Because the girls had been on lockdown, we did not work with them until a month into the program. Their pod was adjacent to Studio 111, and when movement happened for them, they would have to pass by the studio when we were recording, on the open mic, or creating music on the beat machines. The girls were curious, would sneak glances inside the rectangle window pane, trying to get a full picture of what the space looked like. When we finally brought Alpha Unit inside Studio 111, the first thing they wanted to do was listen to the tracks and poems the boys laid down. After reviewing a few songs and poems we played, they all looked at each other, and one of the students blurted out, Oh, we got them!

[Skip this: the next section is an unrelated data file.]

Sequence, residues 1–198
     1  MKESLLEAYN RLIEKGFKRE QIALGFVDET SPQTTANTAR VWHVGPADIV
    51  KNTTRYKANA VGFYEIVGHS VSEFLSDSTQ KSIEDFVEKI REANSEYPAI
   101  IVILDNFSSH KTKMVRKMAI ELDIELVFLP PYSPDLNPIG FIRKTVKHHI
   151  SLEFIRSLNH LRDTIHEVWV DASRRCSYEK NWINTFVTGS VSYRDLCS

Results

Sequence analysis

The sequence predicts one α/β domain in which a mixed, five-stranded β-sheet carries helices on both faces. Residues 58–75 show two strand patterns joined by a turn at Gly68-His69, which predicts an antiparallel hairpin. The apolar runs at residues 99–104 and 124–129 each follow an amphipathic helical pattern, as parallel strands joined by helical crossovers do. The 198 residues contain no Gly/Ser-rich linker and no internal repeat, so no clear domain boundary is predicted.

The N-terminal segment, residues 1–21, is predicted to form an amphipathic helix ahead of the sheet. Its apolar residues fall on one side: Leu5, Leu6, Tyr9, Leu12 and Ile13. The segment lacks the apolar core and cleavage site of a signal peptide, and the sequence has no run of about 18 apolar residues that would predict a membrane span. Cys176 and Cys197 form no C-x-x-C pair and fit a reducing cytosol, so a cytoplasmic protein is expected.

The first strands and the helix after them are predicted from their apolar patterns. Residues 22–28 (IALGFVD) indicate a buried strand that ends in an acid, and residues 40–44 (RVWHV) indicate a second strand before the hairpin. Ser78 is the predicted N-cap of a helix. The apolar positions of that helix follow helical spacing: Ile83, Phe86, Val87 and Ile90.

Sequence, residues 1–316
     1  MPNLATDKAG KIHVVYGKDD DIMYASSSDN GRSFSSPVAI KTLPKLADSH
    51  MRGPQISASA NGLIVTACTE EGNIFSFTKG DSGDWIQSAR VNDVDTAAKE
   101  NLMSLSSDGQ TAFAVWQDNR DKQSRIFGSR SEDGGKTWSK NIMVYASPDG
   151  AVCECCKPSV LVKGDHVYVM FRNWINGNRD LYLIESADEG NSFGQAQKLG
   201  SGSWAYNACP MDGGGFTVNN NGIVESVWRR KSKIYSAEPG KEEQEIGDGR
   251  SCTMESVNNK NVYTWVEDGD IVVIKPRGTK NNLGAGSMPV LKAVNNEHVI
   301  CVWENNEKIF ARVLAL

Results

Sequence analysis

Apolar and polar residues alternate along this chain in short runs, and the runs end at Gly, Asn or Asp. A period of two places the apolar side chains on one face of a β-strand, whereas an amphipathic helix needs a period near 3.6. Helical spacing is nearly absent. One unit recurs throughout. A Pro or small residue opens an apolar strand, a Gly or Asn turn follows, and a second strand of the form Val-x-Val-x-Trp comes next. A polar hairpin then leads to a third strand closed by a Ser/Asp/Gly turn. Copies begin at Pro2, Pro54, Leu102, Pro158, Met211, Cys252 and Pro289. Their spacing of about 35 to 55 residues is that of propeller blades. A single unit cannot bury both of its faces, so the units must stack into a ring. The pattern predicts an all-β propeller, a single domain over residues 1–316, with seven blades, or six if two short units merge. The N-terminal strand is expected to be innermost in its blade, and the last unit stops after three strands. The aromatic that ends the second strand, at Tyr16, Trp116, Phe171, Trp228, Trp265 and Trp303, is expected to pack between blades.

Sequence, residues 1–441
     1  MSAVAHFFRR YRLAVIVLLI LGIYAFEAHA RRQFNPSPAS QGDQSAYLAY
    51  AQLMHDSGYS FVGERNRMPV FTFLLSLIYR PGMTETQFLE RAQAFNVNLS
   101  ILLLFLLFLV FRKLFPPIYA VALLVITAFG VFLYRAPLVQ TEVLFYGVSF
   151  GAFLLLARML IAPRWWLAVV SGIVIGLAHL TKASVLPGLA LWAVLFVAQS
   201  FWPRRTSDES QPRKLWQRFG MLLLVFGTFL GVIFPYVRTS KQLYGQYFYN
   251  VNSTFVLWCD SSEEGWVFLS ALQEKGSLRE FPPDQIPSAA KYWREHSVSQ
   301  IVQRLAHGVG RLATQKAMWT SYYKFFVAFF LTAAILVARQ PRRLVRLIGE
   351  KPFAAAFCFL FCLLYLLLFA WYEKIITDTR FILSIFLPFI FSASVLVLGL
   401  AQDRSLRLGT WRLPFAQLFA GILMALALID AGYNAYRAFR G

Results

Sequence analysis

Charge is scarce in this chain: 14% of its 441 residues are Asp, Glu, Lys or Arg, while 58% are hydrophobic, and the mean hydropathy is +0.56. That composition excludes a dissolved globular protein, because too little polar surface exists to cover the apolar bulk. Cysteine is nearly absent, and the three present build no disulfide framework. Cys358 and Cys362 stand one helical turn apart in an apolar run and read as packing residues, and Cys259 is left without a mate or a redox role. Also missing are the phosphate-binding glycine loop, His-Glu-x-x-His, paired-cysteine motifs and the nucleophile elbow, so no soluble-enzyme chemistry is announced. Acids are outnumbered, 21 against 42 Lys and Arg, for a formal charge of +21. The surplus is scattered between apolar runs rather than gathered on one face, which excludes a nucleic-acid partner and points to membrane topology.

Like the boys, the girls wrote about violence and gunplay, which we let them do initially because we always meet our students in the languages they practice and begin from there. Of course, we want them to articulate their lived reality, but what we did not want was for them to write in a way that would predict their return inside a cell. After close to two weeks of working with these students, we sat in the semicircle, and I asked each to imagine or peel through all the ugly in their lives and formulate something beautiful out of the wreckage.

That is when Lil K sheepishly raised her hand and inquired: But what if you don't know no beautiful?